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Do The Rich Really Work More Than the Poor?

Sean McElwee

The people who need attention, and help, are the millions of silent, working poor struggling to put food on the table.

James Surowiecki is very worried. He is worried that a large group of Americans are overworked and overtired. They are often called in at odd hours, which makes it harder for them to get a good night’s sleep and perform at high cognitive levels. These Americans are… Wall Street bankers. Surowiecki writes, “For decades, junior bankers and Wall Street firms had an unspoken pact: in exchange for reasonably high-paying jobs and a shot at obscene wealth, young analysts agreed to work fifteen hours a day, and forgo anything resembling a normal life.” Here’s David Brooks citing a similar, albeit broader, phenomenon in 2006,

Today’s super-wealthy no longer go off on four-month grand tours of Europe, play gin-soaked Gatsbyesque croquet tournaments or spend hours doing needlepoint while thinking in full paragraphs like the heroines of Jane Austen novels. Instead, their lives are marked by sleep deprivation and conference calls, and their idea of leisure is jetting off to Aspen to hear Zbigniew Brzezinski lead panels titled ”Beyond Unipolarity.” Meanwhile, down the income ladder, the percentage of middle-age men who have dropped out of the labor force has doubled over the past 40 years, to over 12 percent.

We’ll talk about labor force participation later, but let’s start with the assertion that the richest Americans are overworked. The first problem with this analysis is a distinction made potently by Chris Rock [language] between a “job” and a “career.” He cites the difference his time at at Red Lobster, constantly scraping food into the garbage with his stand-up comedy and concludes, “There ain’t enough time when you got a career, when you’ve got a job, there’s too much time.”  Investment bankers, wealthy businessmen and thought leaders aren’t spending their long-weeks waiting tables and picking up trash, they’re doing intellectually fulfilling work, and being highly compensated for it. For instance, I’m sure most of us would you rather excited to jet off to Aspen to hear a lecture on “Beyond Unipolarity,” and would enjoy it far more than waiting tables for 8 hours in an uncomfortable uniform.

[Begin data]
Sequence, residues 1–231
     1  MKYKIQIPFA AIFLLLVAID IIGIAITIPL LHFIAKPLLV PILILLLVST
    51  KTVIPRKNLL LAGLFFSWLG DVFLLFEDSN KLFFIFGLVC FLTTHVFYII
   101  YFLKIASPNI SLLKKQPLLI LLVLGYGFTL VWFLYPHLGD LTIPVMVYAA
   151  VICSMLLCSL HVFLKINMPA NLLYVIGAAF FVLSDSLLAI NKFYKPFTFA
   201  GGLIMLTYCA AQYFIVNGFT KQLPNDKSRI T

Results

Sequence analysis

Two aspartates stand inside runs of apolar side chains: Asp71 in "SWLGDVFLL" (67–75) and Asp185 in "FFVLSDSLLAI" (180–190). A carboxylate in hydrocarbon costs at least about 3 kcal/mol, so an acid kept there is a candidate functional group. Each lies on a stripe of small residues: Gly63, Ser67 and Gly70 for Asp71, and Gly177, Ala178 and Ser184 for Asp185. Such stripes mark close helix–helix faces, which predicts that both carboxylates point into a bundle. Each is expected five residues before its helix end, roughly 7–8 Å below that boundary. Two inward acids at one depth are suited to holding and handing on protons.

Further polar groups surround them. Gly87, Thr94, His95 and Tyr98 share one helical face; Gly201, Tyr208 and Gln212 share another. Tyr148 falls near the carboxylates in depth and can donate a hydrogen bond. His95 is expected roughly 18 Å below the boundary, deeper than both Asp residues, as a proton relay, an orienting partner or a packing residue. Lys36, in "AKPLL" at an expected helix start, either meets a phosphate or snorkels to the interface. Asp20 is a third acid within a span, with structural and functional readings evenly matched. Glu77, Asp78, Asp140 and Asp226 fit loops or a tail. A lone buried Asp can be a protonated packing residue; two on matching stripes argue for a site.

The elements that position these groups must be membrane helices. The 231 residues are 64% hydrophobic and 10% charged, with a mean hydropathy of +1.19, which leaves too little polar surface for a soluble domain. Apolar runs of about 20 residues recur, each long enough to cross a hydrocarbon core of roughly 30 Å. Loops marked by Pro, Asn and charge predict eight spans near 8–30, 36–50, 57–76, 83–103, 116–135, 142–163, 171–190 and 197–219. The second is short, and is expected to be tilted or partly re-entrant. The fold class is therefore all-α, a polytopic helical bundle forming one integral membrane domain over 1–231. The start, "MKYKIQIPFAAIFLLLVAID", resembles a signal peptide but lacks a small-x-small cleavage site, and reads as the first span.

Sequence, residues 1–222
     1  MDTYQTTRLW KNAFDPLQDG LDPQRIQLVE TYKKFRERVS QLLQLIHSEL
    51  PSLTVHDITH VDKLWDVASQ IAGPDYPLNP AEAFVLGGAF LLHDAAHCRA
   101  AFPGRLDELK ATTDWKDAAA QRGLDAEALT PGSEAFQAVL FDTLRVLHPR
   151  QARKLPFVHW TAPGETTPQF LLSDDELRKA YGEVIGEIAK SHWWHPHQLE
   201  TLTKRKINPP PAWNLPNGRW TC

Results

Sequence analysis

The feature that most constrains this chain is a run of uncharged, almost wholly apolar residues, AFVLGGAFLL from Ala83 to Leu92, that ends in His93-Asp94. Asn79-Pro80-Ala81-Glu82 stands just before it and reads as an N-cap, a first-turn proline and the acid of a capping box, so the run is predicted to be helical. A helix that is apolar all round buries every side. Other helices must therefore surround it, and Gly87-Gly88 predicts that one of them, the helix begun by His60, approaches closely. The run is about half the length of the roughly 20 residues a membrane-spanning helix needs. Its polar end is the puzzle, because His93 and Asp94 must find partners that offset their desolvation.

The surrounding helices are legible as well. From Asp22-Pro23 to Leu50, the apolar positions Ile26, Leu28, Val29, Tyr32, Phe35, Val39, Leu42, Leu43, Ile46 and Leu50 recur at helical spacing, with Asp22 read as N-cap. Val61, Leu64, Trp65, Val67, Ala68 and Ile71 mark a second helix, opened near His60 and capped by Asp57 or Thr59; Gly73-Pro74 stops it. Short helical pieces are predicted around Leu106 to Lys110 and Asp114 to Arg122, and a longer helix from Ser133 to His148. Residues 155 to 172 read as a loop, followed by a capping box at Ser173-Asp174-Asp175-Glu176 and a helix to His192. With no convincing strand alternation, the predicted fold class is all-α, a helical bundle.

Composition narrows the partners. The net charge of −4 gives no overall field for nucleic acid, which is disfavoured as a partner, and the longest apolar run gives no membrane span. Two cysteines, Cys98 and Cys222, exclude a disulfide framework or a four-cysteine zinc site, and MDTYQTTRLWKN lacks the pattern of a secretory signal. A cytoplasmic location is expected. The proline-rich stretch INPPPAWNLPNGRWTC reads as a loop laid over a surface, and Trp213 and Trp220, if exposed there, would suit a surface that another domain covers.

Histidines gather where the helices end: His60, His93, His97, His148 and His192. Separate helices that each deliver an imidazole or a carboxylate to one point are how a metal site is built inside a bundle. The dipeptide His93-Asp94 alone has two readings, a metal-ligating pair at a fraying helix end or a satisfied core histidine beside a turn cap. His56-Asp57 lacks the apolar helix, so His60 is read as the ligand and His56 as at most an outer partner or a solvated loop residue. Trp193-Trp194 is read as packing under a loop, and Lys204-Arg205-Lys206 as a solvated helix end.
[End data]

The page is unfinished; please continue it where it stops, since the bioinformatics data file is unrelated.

If Brooks and Suroweicki stepped out of their bubble, they would find many people working two jobs while raising children, or two jobs while attending college or one job with insane and inflexible hours with little way out. Some of them are lucky enough to work a job they like, others struggle through hours upon hours of drudgery for little or no pay and have virtually no control over the hours they work. Their privacy is routinely invaded, their time is not their own and their wages are stagnant. Research shows that this takes a significant toll on physical and emotional well-being (see page 75).

But even were we to pretend this distinction did not exist, there are still reasons to doubt the “hard-working rich” vs. “lazy poor” narrative. For one, the data don’t show it. Contra Brooks, a 2005 study by the Dallas Federal Reserve Bank finds that,

[labor force] participation rates are pro-cyclical—positively correlated with economic output—and that the strongest correlation for males and females is between GDP today and participation two and three quarters from today. This supports the contention above that labor force participation decisions respond to changes in economic output with a slight lag.